All well enough for punishment.  What about defense?  A child (yes, I purposely use children in these examples to drive home the point) takes a candy bar and walks out of the store.  The shopkeeper chases the child and shoots him in the back.  “Whew!”  That punk didn’t steal this one dollar candy bar.”

He defended his property, sure enough.  It could be argued that his action fully conformed to the non-aggression principle.  But what of liberty?  What happens down that road?  Any punishment that the aggrieved decides?  Any defense of property for even the most trivial transgression?  Yes, it might be thin libertarianism applied, but is it liberty-inducing behavior?  If you think so, there are many neighborhoods in places like Los Angeles, Chicago and Baltimore for you to find your liberty.  They live by such rules there.

What about the issue of encirclement, another issue that brings up some conflict between property and life?  And, dare I say, abortion?  Even for those who view it as a strict property rights issue – the mother owns the property of the womb – is killing the unborn child just punishment (or defense) for this supposed transgression of trespass?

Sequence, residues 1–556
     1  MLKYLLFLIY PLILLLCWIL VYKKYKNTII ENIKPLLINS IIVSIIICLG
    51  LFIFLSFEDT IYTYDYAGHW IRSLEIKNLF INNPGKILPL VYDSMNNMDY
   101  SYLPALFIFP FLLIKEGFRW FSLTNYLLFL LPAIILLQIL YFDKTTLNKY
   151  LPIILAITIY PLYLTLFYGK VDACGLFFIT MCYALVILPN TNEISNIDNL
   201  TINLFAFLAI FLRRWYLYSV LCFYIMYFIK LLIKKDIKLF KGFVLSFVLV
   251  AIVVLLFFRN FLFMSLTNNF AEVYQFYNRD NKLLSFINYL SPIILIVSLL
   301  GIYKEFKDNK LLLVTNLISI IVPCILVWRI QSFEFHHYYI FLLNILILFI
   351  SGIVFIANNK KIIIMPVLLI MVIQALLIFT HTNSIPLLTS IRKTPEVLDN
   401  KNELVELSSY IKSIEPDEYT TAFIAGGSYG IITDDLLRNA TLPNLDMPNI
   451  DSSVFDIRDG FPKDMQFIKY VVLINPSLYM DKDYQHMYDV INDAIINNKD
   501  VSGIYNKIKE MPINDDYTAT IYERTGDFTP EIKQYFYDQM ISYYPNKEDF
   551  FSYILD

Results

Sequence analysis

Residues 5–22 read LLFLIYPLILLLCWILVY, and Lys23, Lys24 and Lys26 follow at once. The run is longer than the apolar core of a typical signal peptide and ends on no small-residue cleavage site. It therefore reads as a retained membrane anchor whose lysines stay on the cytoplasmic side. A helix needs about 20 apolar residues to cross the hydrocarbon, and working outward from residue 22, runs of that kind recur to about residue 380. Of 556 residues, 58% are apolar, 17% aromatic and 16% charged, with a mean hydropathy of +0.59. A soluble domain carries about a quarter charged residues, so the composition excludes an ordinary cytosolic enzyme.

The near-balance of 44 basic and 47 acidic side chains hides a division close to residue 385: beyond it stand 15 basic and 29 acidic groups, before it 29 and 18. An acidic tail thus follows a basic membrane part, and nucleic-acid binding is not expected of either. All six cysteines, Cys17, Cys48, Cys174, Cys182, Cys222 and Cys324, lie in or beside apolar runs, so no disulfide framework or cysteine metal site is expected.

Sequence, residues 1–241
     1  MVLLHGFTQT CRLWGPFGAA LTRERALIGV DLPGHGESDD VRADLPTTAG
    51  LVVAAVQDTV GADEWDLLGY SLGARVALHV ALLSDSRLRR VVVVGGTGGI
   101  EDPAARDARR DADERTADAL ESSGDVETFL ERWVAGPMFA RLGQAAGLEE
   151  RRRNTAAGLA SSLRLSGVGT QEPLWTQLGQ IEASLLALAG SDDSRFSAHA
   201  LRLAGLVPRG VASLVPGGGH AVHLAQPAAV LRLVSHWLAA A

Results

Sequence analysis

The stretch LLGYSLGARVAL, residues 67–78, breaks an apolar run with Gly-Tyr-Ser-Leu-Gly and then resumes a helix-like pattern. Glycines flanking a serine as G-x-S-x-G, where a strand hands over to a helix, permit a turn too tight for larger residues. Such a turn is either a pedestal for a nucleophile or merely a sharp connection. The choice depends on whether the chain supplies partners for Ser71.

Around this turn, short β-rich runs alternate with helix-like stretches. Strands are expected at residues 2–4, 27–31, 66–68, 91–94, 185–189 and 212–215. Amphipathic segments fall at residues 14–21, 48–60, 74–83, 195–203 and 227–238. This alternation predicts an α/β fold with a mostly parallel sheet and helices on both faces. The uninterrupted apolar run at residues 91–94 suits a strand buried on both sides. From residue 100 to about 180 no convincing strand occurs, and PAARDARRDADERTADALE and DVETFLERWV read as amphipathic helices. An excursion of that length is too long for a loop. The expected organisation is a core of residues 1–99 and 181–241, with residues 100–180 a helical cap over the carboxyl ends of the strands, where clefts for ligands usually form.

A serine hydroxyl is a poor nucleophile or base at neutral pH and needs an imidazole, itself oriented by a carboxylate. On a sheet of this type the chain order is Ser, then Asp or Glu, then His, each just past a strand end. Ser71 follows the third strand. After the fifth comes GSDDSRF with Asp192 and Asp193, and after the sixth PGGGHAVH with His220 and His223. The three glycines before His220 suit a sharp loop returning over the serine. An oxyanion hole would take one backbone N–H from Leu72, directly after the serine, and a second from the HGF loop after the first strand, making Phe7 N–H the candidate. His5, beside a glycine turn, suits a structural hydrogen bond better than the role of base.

We have purified libertarian theory based solely on the non-aggression principle enough already.  Let’s work on finding liberty.

Friday, February 8, 2019

The Libertarian Red Line

Red Line: a limit past which safety can no longer be guaranteed.

The subject of abortion has received some attention lately, what with laws in New York and Virginia and governors celebrating the furthering of liberty to murder human beings.

It is a curious topic among libertarians, a situation where the question of which human has property rights in the womb – the mother or the unborn child.  If it is the unborn child, the mother is inconvenienced for nine-months; if it is the mother, the unborn child is inconvenienced for (usually) not nearly as long…but much more permanently. 

I have addressed this as a property rights issue in the past, merely for the sake of argument; the unborn child has the rights to the womb for the natural term of the pregnancy.  However, my fundamental view is grounded in the reality that the unborn child is a human being.